WE NEED a third way to share the limited health-care resources among competing demands. The question is how to do so fairly.
The extreme cases are easily addressed. All emergency cases should be treated immediately by the most competent doctors available. A patient's ability to pay should not be a barrier to life-saving services.
On the other extreme, demand for frills and cosmetic services can be left to the market, leaving patients to choose the providers based on their preference and what they are prepared to pay. Many Singaporeans, for example, seem happy to fork out thousands of dollars for non-medically necessary Lasik services provided by private operators.
Between these extremes lie a wide range of health-care services to address differing needs and ability to pay. For example, the use of generic medicine helps to keep health-care costs low but without compromising the outcome. Hence our policy is to only prescribe generic drugs for subsidised patients where generics are available. This is the right thing to do, but in the private wards we do allow brand-name drugs for patients who are prepared to pay for them.
With higher expectations, subsidised patients are increasingly demanding a higher level of care, including access to non-standard drugs based on their perceptions of what they need. With economic growth and rising standards of living, we can afford better treatments. We would like to extend such benefits to subsidised patients too. But we must do so in a way which does not unwittingly draw in patients who would have chosen the private wards.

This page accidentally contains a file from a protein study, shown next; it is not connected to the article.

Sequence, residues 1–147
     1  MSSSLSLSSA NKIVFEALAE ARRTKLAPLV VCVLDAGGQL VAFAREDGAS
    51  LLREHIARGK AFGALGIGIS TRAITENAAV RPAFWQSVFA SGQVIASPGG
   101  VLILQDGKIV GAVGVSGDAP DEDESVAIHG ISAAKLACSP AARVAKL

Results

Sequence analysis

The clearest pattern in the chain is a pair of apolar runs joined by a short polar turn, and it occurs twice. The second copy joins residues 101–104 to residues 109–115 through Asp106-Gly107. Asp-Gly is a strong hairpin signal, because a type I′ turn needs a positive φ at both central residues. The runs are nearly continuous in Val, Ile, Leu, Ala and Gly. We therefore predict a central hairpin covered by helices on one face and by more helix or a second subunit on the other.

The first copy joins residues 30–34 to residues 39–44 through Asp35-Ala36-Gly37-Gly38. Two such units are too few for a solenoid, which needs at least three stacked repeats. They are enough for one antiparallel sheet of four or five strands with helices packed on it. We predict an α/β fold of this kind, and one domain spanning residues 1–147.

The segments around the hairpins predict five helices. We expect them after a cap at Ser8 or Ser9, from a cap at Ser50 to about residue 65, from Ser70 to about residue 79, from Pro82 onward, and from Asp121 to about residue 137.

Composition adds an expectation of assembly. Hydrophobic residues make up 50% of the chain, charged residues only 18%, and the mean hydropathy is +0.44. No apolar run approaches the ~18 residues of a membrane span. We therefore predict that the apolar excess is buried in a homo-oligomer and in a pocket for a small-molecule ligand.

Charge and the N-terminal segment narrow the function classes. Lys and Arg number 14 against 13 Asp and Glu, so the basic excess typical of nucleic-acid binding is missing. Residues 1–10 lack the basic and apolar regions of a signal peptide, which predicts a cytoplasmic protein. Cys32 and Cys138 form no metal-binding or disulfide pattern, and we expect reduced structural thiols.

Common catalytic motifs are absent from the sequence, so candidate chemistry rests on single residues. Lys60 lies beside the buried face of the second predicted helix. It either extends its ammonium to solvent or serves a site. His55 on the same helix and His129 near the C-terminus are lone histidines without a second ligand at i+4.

The most logical way to address this contradiction is to apply the principle that higher-income patients should co- pay more for the same treatment than lower-income patients, if they choose to be treated in the subsidised wards. The former should get less subsidy than the latter. That is a fair and practical way to share limited health- care resources.
The lower-income patients will not be affected by this approach, but I know middle-income patients are particularly worried. While the principle is easy to explain, the implementation details worry a lot of people. We have studied this issue for some time and will continue to discuss the details with unionists, fellow MPs and the public. I am confident I can find a way of doing this which is fair to all and which does not impose unnecessary burdens on patients.
I think a fair way of doing this must fulfil five criteria:
First, patients must retain the freedom to choose. Rich or poor, they must be able to choose, say, a Class B2 ward if they wish. Anybody can choose to be admitted to a subsidised ward.